Article  PubMed  CAS  Google Scholar 

  43. 43.

    Neafsey DE, Juraska M, Bedford T, Benkeser D, Valim C, Griggs A, et al. Genetic diversity and protective efficacy of the RTS, S/AS01 malaria vaccine. N Engl J Med. 2015;373:2025–37.

    Article  PubMed  Google Scholar 

  44. 44.

    Vallejo AF, García J, Amado-Garavito AB, Arévalo-Herrera M, Herrera S. Plasmodium vivax gametocyte infectivity in sub-microscopic infections. Malar J. 2016;15:1.

    Article  Google Scholar 

  45. 45.

    Pradel G. Proteins of the malaria parasite sexual stages: expression, function and potential for transmission blocking strategies. Parasitology. 2007;134:1911–29.

    Article  PubMed  CAS  Google Scholar 

  46. 46.

    Outchkourov NS, Roeffen W, Kaan A, Jansen J, Luty A, Schuiffel D, et al. Correctly folded Pfs48/45 protein of Plasmodium falciparum elicits malaria transmission-blocking immunity in mice. Proc Natl Acad Sci USA. 2008;105:4301–5.

    Article  PubMed  PubMed Central  Google Scholar 

  47. 47.

    Branch O, Casapia WM, Gamboa DV, Hernandez JN, Alava FF, Roncal N, et al. Clustered local transmission and asymptomatic Plasmodium falciparum and Plasmodium vivax malaria infections in a recently emerged, hypoendemic Peruvian Amazon community. Malar J. 2005;4:27.

    Article  PubMed  PubMed Central  Google Scholar 

Download references

Authors’ contributions

SH and MA conceived and designed the study; NM, AV and SH wrote the manuscript; NM and AT performed the laboratory work. AK performed structural modelling of Pvs48/45. ML and JA contributed reagents/materials/analytical tools. All authors critically revised the manuscript. All authors read and approved the final manuscript.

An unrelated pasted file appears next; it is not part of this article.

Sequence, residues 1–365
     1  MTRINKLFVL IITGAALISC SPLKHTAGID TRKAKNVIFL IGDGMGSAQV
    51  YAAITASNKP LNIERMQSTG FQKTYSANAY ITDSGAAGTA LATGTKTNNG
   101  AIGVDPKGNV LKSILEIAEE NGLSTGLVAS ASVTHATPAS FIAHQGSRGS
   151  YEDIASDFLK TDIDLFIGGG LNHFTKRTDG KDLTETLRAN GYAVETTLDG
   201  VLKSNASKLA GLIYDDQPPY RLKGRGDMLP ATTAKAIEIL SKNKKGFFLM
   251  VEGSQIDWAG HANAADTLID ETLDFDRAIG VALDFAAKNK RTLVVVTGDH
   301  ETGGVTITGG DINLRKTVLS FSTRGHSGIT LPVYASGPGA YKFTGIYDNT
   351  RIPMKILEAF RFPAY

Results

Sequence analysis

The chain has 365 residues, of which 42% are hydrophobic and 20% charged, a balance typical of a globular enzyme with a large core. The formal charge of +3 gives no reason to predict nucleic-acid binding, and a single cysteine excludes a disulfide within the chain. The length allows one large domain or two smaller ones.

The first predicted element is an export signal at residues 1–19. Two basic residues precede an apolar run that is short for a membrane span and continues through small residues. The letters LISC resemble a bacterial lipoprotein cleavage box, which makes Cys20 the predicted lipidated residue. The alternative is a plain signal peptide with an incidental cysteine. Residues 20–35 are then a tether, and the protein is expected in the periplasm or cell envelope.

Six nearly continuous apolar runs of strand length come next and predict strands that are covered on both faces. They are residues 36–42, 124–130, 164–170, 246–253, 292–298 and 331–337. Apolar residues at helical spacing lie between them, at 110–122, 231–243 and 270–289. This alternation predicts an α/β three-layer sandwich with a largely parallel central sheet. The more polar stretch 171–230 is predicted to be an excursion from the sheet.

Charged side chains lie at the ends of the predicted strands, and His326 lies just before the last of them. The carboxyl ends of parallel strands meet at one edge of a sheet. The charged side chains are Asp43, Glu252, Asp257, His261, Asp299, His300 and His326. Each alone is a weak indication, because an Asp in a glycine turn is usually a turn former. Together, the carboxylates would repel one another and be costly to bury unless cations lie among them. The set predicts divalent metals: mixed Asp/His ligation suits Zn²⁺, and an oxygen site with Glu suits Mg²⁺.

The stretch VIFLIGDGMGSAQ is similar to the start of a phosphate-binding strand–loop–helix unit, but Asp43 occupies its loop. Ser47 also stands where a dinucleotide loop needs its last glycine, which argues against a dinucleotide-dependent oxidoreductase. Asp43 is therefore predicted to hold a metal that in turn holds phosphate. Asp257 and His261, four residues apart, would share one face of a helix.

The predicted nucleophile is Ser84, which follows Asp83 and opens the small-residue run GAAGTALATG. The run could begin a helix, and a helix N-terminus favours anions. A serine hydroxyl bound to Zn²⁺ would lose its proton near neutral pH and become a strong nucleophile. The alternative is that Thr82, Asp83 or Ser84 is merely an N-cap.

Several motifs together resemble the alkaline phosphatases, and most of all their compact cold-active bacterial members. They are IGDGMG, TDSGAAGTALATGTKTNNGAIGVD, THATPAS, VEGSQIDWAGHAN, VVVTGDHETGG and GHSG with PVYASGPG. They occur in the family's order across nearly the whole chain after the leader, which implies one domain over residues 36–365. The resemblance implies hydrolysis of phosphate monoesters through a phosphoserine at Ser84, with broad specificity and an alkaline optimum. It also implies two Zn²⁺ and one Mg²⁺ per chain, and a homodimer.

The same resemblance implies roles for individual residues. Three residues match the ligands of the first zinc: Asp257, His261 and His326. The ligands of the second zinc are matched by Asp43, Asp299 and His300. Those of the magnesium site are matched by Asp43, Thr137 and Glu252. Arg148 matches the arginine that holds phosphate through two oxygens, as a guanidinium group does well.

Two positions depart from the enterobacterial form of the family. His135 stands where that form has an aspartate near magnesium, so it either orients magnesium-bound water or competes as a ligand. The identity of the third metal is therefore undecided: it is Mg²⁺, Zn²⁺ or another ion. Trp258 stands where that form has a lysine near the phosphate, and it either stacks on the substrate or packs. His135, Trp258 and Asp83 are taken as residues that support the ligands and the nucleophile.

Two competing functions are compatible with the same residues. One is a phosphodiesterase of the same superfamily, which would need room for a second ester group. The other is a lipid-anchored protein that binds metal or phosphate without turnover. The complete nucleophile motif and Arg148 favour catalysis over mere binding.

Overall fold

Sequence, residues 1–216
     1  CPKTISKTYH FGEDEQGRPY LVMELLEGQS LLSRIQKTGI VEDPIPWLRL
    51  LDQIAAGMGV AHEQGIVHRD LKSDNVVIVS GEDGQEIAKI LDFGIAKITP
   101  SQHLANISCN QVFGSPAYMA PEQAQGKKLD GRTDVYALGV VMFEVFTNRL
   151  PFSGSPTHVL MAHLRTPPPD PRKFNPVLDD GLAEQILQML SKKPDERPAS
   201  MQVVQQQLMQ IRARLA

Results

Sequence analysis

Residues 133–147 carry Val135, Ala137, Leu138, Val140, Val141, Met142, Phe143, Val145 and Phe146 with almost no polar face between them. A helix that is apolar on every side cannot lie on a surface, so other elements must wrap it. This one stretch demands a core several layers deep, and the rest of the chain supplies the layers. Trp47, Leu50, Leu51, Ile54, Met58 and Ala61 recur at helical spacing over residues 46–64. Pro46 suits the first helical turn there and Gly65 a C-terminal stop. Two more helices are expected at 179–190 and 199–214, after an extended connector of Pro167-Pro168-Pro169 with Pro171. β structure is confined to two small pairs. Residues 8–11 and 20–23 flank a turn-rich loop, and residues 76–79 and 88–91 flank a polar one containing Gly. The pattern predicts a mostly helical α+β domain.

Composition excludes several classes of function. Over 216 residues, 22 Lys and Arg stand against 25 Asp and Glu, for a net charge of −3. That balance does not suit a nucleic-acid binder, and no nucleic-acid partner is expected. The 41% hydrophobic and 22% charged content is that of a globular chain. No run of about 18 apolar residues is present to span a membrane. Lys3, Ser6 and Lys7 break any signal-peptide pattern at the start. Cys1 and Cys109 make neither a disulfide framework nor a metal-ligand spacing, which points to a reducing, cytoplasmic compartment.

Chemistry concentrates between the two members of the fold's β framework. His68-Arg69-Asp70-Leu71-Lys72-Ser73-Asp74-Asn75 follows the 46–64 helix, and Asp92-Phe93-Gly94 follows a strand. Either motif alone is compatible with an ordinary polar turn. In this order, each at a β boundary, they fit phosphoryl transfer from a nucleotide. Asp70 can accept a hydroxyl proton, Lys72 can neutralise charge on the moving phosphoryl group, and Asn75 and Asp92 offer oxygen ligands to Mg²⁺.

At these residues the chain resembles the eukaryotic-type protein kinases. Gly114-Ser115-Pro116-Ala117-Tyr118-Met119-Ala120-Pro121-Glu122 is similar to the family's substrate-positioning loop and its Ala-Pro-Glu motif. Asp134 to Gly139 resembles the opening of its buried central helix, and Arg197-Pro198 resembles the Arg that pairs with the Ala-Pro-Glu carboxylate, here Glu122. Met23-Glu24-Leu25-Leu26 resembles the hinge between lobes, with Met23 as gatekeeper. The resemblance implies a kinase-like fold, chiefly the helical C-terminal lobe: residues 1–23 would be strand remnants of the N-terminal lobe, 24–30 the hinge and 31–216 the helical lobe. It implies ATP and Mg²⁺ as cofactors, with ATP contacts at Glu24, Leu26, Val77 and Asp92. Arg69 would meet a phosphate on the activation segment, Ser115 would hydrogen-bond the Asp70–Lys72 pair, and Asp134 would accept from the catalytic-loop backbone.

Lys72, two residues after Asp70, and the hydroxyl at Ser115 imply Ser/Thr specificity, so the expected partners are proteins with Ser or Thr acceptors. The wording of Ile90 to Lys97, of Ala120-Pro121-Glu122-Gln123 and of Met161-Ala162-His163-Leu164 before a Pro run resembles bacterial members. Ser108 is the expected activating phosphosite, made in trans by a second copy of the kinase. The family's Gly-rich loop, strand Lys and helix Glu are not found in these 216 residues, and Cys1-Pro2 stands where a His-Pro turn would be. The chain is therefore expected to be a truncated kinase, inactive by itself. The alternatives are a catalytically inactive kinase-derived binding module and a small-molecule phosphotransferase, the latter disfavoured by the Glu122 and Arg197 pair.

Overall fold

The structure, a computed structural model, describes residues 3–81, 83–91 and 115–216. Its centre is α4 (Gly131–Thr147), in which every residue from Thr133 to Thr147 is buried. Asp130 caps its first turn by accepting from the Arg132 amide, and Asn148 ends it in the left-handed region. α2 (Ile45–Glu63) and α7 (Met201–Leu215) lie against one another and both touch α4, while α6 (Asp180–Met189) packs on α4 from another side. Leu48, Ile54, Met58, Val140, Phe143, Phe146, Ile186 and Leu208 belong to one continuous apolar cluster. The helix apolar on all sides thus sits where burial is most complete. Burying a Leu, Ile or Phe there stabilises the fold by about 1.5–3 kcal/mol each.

The authors thank the communities of the endemic areas of Brazil, Honduras and Colombia that participated in this study. Special thanks to Miguel Angel Hernandez for his technical assistance and Yoldy Benavides for statistical support. This work was supported by NIAID (Research Grant U19AI089702 and 1R01AI12123701) and Colciencias (Grant Contracts 360-2011, 685-2013 and 719-2013).

Competing interests

The authors declare that they have no competing interests.

Author information



Corresponding author

Correspondence to Sócrates Herrera.

Rights and permissions

Open Access This article is distributed under the terms of the Creative Commons Attribution 4.0 International License (, which permits unrestricted use, distribution, and reproduction in any medium, provided you give appropriate credit to the original author(s) and the source, provide a link to the Creative Commons license, and indicate if changes were made. The Creative Commons Public Domain Dedication waiver ( applies to the data made available in this article, unless otherwise stated.

Reprints and Permissions

About this article

Verify currency and authenticity via CrossMark

Cite this article

Vallejo, A.F., Martinez, N.L., Tobon, A. et al. Global genetic diversity of the Plasmodium vivax transmission-blocking vaccine candidate Pvs48/45. Malar J 15, 202 (2016).

Download citation


  • Malaria
  • Latin American
  • Korean Isolate
  • Plasmodium Knowlesi
  • Vivax Isolate